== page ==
I was thrilled to receive Deborah Madison’s newest cookbook, Vegetable Literacy, from Ten Speed Press for review. It is a gorgeous book, and one I’ve had my eye on since I first heard about it. Gardening and cooking in one book? Yes, please!
Madison divides the chapters by plant families. Her argument for this is that related vegetable and herbs usually compliment and enhance each other. It seems logical, especially once you see what falls into each family. Carrots and dill are related, for instance, which explains why they go so well together!
Each chapter is further broken down by plant. She talks of the vegetables’ flavor and cooking properties, how they grow and what their nutritional benefits are. The nutrition facts are interesting, but begin to wear by the third chapter. They’re useful when you’re looking up individual vegetables, but overwhelming when you’re just reading through the book. I do love that she talks about individual heirloom varieties, like my beloved Paris Market and Dragon carrots. She obviously can’t cover them all (have you seen the Seed Savers Exchange catalog?), but it is nice to see some heirlooms getting a shout-out.
Madison’s descriptions and gardening stories not only encouraged my “grow all the basils!” habit, but also inspired me to try something new in the garden this year — maybe anise hyssop, pineapple sage or lemon thyme.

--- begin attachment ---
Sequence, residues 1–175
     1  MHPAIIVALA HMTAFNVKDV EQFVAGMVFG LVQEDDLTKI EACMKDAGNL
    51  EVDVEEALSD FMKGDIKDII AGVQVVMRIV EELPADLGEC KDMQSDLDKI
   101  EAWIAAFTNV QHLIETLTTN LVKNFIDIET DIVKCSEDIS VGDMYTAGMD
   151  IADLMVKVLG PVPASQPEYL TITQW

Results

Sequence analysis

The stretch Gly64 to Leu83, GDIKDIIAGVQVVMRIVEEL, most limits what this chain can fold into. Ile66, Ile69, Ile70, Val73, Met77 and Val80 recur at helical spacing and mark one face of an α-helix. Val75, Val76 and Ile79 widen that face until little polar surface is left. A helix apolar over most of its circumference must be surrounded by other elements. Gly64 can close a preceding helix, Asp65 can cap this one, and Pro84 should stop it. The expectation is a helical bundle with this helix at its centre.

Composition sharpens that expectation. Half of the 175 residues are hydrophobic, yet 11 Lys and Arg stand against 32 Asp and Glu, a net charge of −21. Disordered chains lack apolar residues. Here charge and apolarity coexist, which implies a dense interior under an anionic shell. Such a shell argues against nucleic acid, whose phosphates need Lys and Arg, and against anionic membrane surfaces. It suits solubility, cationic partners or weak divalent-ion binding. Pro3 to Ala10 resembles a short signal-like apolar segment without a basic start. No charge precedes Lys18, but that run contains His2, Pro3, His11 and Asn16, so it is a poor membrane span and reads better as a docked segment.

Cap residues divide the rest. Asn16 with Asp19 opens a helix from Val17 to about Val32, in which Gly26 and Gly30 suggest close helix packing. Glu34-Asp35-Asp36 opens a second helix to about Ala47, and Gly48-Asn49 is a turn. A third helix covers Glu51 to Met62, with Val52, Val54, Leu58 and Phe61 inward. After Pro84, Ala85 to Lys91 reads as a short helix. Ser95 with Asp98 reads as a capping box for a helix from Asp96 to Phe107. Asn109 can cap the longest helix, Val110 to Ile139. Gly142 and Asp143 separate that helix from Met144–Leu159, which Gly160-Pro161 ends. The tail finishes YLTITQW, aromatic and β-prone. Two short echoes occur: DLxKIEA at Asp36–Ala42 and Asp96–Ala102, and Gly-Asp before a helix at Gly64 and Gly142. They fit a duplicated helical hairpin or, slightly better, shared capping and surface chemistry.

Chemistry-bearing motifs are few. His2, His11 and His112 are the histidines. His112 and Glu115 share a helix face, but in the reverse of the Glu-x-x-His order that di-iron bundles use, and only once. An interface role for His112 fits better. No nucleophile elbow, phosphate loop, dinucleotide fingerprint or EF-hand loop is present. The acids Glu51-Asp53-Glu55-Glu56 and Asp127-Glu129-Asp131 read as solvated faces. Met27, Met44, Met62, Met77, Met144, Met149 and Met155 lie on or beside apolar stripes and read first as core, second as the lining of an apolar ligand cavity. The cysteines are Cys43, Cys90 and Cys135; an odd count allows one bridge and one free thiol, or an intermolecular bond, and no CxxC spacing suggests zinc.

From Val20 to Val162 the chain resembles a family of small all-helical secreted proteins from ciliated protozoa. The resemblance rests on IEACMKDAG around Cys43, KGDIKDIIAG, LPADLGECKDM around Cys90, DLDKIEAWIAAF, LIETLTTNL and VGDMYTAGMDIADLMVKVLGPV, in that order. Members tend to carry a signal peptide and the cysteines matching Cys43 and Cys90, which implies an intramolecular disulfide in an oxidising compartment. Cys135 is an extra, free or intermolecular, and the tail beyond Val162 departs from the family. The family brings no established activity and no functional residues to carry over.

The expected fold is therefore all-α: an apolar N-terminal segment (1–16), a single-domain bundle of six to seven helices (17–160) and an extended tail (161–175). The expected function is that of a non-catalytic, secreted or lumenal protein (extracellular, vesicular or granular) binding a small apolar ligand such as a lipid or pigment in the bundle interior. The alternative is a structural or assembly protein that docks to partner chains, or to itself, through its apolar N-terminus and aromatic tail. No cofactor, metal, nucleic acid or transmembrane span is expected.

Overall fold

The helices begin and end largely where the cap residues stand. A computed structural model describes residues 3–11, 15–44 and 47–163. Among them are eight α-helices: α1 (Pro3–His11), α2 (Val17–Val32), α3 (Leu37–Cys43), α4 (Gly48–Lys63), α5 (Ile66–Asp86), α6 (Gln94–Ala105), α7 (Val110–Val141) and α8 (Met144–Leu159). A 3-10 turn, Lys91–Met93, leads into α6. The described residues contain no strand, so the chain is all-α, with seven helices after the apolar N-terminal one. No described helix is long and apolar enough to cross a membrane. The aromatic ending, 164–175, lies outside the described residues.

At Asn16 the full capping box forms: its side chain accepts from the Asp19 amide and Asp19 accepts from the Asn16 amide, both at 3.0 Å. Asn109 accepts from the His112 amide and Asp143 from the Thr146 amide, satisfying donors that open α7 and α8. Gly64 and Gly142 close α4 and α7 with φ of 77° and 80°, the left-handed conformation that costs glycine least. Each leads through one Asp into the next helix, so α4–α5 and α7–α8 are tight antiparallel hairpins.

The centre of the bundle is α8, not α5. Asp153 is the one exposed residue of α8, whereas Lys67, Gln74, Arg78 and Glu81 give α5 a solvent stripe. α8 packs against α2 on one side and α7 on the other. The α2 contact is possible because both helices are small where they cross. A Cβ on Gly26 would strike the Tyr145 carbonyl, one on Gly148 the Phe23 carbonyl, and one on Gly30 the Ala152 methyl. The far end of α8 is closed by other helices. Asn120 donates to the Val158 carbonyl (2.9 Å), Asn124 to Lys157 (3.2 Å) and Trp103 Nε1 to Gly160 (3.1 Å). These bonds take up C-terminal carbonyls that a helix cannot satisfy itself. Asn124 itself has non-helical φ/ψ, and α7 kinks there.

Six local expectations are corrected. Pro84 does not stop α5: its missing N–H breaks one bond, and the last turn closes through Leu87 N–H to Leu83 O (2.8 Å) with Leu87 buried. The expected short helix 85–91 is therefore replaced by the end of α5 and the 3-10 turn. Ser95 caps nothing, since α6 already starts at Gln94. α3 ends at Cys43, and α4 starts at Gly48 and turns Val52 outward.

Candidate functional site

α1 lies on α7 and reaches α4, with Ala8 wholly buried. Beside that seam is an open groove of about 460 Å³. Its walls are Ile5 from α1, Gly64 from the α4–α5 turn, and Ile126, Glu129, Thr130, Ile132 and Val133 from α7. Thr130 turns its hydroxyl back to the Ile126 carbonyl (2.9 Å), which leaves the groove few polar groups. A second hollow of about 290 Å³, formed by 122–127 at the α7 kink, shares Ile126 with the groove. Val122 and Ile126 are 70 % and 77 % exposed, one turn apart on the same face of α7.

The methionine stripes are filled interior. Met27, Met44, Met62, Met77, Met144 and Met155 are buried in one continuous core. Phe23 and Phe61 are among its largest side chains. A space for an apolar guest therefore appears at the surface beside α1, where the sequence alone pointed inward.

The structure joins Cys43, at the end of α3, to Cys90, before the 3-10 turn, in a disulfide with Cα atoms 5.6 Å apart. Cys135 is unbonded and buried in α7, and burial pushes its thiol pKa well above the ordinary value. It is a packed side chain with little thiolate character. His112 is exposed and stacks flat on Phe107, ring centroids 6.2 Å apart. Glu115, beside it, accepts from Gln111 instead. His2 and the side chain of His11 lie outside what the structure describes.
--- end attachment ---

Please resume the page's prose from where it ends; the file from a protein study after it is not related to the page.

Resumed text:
The plant sections end with notes on which unexpected parts of the plants are edible (carrot tops! cauliflower cores! kohlrabi leaves!) and a list of good companion ingredients, such as certain oils, cheeses, herbs or nuts. Recipes starring the vegetable-of-the-section follow, though I’ve found that some of the best recipes are in the plant intros, like the roasted carrots with butter, shallots and herbs on page 11, or the crisped Jerusalem artichokes on page 62. That recipe even has me willing to give Jerusalem artichokes another shot, though I didn’t like them the first two times I tried them. Maybe this recipe will be the magic one that changes my mind?
But before I get to trying Jerusalem artichokes again, I couldn’t resist trying the wilted arugula and seared mushroom salad with manchego cheese from page 171.